CHECK IT OUT — Barb Stratman’s daughter, Robbyn, got the opportunity to sit in the driver’s seat of the Mercy Flight chopper at the PMC Health Fair on Wednesday. I-O Photo by Barb Stratman
By Wendy Wedum, Pondera County Extension Agent
Do you know your numbers…for Blood Pressure and Cholesterol? Do you know the healthy limits?
What you eat affects your chances of developing high blood pressure (hypertension). Research shows that high blood pressure can be prevented and lowered by following the Dietary Approaches to Stop Hypertension (DASH) eating plan.
High blood pressure is dangerous because it makes your heart work too hard, hardens the walls of your arteries and can cause the brain to hemorrhage or the kidneys to function poorly or not at all. Uncontrolled high blood pressure can lead to heart and kidney disease, stroke and blindness.
But high blood pressure can be prevented and lowered if you take these steps:
Follow a healthy eating plan, such as DASH that includes foods lower in salt and sodium.
Moderate physical activity for at least 30 minutes most days of the week.
Maintain a healthy weight.
Cook from scratch (processed foods are high in salt and sodium).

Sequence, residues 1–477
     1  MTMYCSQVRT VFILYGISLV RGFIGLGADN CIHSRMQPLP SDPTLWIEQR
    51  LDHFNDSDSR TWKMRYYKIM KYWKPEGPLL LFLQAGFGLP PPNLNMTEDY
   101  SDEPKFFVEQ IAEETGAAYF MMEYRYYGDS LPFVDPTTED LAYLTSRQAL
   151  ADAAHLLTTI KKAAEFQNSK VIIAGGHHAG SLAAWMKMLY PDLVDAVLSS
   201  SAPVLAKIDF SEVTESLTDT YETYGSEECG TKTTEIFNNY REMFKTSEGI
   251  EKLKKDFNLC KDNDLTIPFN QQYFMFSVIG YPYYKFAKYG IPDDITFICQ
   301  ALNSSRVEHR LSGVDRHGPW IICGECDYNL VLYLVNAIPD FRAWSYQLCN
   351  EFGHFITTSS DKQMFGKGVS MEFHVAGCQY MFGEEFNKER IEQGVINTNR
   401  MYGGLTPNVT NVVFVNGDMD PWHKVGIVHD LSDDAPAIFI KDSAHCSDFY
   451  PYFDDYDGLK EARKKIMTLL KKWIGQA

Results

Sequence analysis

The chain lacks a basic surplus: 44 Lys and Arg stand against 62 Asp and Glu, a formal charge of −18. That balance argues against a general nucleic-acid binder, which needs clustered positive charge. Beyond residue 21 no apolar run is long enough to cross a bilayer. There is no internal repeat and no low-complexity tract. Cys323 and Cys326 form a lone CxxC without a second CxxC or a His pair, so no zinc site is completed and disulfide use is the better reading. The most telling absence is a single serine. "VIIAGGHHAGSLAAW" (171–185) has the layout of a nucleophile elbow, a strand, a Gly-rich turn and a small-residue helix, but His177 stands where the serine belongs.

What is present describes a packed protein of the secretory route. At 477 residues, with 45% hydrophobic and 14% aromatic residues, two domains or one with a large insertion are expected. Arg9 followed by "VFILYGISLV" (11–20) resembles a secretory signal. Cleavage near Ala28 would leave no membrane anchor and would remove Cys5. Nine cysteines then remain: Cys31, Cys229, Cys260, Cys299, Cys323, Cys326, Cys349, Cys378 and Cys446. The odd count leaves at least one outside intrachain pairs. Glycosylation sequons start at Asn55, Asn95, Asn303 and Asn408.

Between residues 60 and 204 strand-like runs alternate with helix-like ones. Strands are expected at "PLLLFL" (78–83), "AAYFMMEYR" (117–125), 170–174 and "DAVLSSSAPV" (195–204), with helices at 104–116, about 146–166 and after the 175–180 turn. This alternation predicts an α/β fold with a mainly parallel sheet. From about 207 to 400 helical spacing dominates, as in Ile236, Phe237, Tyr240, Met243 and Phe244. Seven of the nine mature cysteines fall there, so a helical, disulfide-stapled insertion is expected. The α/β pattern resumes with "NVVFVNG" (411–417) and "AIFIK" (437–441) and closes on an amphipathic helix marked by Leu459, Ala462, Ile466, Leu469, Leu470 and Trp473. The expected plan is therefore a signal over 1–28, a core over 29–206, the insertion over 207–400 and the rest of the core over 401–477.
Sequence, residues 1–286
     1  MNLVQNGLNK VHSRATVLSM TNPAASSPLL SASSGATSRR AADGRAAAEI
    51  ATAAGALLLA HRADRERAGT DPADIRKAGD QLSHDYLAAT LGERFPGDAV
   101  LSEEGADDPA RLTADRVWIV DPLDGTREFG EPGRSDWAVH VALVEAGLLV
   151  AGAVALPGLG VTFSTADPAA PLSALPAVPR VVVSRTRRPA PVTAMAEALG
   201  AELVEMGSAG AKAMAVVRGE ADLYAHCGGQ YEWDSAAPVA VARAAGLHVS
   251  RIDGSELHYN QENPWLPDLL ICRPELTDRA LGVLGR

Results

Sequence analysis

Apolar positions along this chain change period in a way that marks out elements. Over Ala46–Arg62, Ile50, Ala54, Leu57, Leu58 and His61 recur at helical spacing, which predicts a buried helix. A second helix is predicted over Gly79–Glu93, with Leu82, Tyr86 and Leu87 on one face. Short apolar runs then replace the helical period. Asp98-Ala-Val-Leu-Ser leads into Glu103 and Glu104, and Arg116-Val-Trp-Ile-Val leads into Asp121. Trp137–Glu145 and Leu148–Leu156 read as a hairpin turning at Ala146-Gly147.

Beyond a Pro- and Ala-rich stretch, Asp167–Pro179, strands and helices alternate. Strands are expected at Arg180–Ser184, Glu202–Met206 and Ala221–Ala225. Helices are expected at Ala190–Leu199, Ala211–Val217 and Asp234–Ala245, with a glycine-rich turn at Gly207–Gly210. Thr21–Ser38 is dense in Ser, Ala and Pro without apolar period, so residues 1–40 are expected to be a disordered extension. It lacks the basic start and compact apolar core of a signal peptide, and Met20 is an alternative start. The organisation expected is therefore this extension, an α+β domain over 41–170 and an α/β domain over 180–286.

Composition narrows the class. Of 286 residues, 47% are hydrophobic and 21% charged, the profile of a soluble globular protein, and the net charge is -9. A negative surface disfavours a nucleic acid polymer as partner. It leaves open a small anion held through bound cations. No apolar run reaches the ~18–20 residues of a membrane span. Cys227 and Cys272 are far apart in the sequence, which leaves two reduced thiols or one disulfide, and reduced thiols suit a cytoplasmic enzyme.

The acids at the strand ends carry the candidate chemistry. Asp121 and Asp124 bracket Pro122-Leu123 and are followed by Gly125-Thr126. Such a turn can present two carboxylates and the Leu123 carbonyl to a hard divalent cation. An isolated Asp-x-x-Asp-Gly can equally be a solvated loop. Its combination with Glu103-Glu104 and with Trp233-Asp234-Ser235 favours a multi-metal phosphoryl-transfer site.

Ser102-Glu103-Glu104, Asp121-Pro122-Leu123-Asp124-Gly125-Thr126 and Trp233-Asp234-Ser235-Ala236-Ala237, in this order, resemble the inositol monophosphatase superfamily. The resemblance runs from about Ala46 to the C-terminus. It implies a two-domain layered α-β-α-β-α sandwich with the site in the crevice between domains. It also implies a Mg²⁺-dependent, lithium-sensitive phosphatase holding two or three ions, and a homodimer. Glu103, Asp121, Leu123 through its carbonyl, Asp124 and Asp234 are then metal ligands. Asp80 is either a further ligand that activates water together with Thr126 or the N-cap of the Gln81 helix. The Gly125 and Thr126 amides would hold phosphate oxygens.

Read food labels - sodium amounts in food vary widely.
Part of the problem is not all foods are created equal. For example, different brands of the same food can have different sodium levels. Sodium in chicken noodle soup can vary by as much as 840 mg of sodium per serving.
And, there is often hidden sodium. More than 40 percent of sodium comes from these 10 types of foods: breads and rolls, cold cuts and cured meats, pizza, poultry, soups, sandwiches, cheese, pasta dishes, meat dishes, and snacks such as chips, pretzels and popcorn.
The source of food matters, too. About 65 percent of sodium eaten comes from packaged foods. Remember to make food choices that are low in sodium.
How much is too much? A teaspoon of salt contains 2,300 mg of sodium. A low sodium diet is limited to 1,500 mg per day. Those who should limit their sodium to 1,500 mg per day include people who are over age 51, have high blood pressure, diabetes or chronic kidney disease.
How can you make the DASH? Increase your daily servings of fruits and vegetables, increase use of fat-free and low-fat milk products, limit lean meats to six ounces per day and add two or more meatless meals each week. Combining DASH with regular physical activity such as walking can help you lower your blood pressure numbers to feel well and get fit.
For more information and handouts, visit the Pondera County Extension office at the Pondera Courthouse, phone 271-4054.
Sources: National Heart, Lung and Blood Institute, National Center for Chronic Disease Prevention and Health Promotion.